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Wednesday, January 2, 2013

Double trouble: finding schools for your twins

Choosing schools for twins is twice as complicated. So if you have multiple births in your family, check out our tips below.

1. Firstly, you need to decide whether you’d like your children educated in the same school or not. 

If you keep them together… the children may prefer it, and it will be easier for you to do the school run, manage homework and coordinate social arrangements etc. 

If you separate them… it could promote their individuality and discourage competition (but it might be a logistical nightmare!)

2. If they’re at the same school, do you want them in the same class? 

Maria, a mum of eight-year-old non-identical twins, says separating them has been very beneficial. “They used to be competitive in the classroom, and it was difficult as my daughter was more accomplished than my son”, she says. “But now they can develop at their own pace, and have established their own friends and identities”.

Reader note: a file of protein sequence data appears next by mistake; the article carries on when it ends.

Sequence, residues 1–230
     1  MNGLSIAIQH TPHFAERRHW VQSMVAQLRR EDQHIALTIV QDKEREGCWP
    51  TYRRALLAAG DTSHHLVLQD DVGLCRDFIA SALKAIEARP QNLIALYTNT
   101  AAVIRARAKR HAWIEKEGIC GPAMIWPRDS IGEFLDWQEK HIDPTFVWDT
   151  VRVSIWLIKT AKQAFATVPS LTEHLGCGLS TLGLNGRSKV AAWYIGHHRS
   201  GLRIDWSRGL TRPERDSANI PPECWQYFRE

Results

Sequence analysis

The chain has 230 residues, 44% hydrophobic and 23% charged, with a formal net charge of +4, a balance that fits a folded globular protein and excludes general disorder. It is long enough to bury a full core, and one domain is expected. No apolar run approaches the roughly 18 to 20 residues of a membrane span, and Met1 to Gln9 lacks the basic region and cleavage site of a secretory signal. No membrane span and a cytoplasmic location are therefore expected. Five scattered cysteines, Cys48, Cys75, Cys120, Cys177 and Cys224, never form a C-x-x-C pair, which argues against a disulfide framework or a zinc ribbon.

Separation won’t be an option at some of the smaller schools, where there’s only one class per year.

3. Visit as many schools as you can, and discuss your situation. 

You’ll find that their approaches to twins, and other multiple births, are as individual as your children are!

4. To assess whether you’re likely to get into a school, use SchoolGuruHertfordshire.co.uk.

You should also call the school to discuss your situation and their policy on admitting multiple births. 

Your position in a nutshell...

The law changed in 2012, and there's now a 'one in, all in' situation for twins and multiple births applying for community and voluntary controlled schools. Schools can exceed their published admission number (PAN) if one child gets a place, and the other ones don't - so all of them can be admitted, even if it takes the class over their 30-child limit. This applies for infant schools (for the first time) and other primary and secondary schools following the Council's rules. The rule doesn't apply to children who are admitted via a random ballot or through a selective process (used for some secondary schools). Schools that manage their own admissions may have slightly different policies, as although they now have more flexibility to exceed the PAN, they don't have to, and the decision must be taken with regard to the capacity of the school and the impact on other children. You should discuss your position with the individual headteachers before applying. Good luck!
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